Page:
Transference in coaching can significantly jeopardize a successful outcome.
Here are the three best ways to handle transference from our coach training school.
Transference in coaching can play havoc on the trust and relationship between a coach and a client. When a client projects deep feelings, often subconsciously, originating from another time or person in their life, onto their coach, the coaching process can be disrupted, often because of wrong assumptions and misinterpretation.
What is transference?
The concept of transference in therapy, counselling, or coaching simply refers to a subconscious projection of feelings by the client toward the coach that are redirected from another person, object, or situation. This means that a quality or characteristic of the coach unwittingly reminds the client of previous experiences.
As a result, strong feelings come out that the client may be unaware of or not able to explain. The client may act in a certain way toward the coach that is inconsistent with the interaction.
Why is transference a big deal?
The several layers of disconnect that transference involve can cause tension and misunderstanding in the coaching relationship. Keeping in mind that the coach observes feelings or behavior from the client that seem out of place while the client is often not aware that he or she is projecting them, or why, these conditions are favorable for misinterpretations.
- Various outcomes are possible.
- The client does not achieve the expected progress.
- The coach-client relationship becomes strained.
- The coach misinterprets the client’s feelings or behavior, which leads to a wrong direction.
- The client feels guilty, awkward, or self-conscious.
- The emotions of the client and coach may become entangled beyond the professional relationship.
- The presence of any dual relationship becomes more complex and volatile.
- The client does not see the coach as a safe and trusted person to open up to anymore.
- The deeper roots or underlying issues of problems or potential may be overlooked.
So, to become a good coach, you want to avoid the potentially negative consequences of transference.
How to manage and benefit from transference?
At our coach training school, we believe that if you want to become a life coach that continuously learns and supports their clients better each day, you need to be aware of transference issues and use the following strategies to manage it to your client’s advantage.
#1 – Awareness
The first requirement to manage and deal with possible transference issues is to raise awareness of both the client and the coach. As transference is typically a subconscious process, the client must develop the ability to recognize feelings that are misdirected or seem out of place. Similarly, the coach finds improving skills of mindfulness and observation valuable to correctly assess a client’s projection or transference.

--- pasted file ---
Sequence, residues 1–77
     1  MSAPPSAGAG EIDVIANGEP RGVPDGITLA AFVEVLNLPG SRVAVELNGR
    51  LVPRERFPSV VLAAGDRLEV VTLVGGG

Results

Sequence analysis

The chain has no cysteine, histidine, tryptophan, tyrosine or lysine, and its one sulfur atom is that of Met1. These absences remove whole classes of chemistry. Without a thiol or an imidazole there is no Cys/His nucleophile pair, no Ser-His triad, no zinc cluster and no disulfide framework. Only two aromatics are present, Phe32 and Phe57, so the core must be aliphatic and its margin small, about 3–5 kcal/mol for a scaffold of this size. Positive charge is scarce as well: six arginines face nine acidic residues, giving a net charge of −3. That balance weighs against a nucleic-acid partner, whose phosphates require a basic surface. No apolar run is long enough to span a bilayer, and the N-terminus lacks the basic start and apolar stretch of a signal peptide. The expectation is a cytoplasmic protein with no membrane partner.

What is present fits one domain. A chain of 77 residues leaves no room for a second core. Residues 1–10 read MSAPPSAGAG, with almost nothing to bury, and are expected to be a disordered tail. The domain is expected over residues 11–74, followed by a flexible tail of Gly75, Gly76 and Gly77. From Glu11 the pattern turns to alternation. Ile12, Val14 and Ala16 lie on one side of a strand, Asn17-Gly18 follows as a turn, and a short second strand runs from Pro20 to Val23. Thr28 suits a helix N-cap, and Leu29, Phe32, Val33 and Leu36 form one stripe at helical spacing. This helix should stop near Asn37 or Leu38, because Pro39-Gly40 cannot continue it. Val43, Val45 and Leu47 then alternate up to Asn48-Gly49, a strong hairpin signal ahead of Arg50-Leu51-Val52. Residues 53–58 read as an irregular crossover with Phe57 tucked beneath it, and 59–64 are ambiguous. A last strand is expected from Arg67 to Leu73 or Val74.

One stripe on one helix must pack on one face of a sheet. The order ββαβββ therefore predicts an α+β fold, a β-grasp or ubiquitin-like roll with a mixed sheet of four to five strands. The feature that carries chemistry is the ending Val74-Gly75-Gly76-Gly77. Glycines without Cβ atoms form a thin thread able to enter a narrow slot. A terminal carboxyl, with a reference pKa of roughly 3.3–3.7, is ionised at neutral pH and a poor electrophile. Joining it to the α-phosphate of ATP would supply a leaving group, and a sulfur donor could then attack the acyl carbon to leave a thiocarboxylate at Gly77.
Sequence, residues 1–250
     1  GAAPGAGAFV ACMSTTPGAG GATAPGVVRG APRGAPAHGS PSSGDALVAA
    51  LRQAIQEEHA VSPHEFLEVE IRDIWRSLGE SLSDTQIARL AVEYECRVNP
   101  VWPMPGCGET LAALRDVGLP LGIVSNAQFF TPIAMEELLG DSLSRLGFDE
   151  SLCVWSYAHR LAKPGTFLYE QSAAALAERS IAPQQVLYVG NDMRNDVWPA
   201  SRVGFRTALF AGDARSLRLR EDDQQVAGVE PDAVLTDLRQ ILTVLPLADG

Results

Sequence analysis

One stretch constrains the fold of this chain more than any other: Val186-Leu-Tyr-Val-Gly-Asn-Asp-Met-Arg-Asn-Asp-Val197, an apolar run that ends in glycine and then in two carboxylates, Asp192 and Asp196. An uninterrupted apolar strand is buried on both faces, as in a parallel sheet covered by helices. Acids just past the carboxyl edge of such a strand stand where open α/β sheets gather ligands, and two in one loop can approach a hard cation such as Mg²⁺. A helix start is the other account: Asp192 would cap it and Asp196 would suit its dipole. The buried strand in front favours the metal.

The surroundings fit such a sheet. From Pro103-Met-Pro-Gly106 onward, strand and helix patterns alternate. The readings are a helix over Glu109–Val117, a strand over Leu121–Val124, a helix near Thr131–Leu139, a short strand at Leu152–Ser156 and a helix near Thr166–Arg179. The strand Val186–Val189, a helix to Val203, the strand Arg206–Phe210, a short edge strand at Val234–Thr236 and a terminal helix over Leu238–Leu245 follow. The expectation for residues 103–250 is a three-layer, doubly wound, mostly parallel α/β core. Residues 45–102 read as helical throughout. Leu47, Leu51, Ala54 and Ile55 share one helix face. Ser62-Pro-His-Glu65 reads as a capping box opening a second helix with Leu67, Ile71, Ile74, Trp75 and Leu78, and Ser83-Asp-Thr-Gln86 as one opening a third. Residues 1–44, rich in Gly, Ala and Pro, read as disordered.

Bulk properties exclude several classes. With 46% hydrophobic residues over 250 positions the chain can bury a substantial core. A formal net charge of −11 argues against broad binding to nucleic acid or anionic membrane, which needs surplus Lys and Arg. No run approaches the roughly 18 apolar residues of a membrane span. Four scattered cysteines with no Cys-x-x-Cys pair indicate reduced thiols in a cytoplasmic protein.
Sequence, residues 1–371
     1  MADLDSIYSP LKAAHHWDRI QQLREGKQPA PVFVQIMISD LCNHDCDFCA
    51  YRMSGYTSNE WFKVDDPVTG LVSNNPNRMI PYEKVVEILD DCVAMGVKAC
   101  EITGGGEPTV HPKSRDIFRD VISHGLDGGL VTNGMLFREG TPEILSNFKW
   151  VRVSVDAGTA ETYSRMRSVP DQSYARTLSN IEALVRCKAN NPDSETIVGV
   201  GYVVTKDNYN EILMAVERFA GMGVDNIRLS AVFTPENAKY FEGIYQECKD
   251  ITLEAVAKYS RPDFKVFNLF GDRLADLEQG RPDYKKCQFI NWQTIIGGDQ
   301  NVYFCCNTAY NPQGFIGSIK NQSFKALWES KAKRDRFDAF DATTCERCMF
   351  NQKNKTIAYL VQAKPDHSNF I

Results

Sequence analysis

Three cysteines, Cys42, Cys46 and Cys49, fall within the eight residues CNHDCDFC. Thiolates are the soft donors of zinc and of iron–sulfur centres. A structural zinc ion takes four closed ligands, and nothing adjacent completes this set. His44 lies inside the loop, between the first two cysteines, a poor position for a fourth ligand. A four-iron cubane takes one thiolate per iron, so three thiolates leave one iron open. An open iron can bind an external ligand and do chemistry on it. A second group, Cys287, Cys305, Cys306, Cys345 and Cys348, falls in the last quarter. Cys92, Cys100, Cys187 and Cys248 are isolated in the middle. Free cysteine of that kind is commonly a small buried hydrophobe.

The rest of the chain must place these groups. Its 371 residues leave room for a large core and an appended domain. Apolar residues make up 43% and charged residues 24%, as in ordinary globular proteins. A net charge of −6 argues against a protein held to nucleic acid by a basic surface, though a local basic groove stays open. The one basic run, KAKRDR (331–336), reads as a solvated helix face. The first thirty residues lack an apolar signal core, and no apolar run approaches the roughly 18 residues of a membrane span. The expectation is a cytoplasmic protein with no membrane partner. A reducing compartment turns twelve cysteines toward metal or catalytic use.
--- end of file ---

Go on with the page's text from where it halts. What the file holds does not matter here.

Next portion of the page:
As with many other issues that clients seek to address with a coach, awareness is the first step to handle transference beneficially. Any emotional entanglement left unattended can easily derail a good relationship.
Awareness is the first and foundational step (A1) in the Jay Shetty ABC coaching framework, which a good coach cultivates by:
- Gathering detailed information about the client’s background and situation, his or her values, beliefs, and abilities,
- Assessing priorities using a tool like the Wheel of Life evaluation
- Guiding the client to practice mindfulness to improve their openness to inner experiences, and helping the client develop a daily journaling habit
These activities are effective ways to help clients develop healthy self-observation skills.
Similarly, as events in the coach’s life, his or her beliefs, values, and biases could affect their demeanor, reaction to the client, or projection of inner experiences, a good coach also ensures to raise their own awareness through regular self-reflection. Useful avenues are feedback from a supervisor, reflection on session notes or journal entries, and mindfulness meditation to cultivate empathy and non-judgmental awareness.
#2 – Communication
At the heart of any transference issues, in addition to a lack of awareness, is poor communication. The client is typically unable or unwilling to accurately articulate their feelings, reactions, and assumptions, exacerbated by an inability to correctly assign the true origin of these experiences.
Always ask yourself, “How do I listen effectively?” which involves attention to questioning techniques and body language.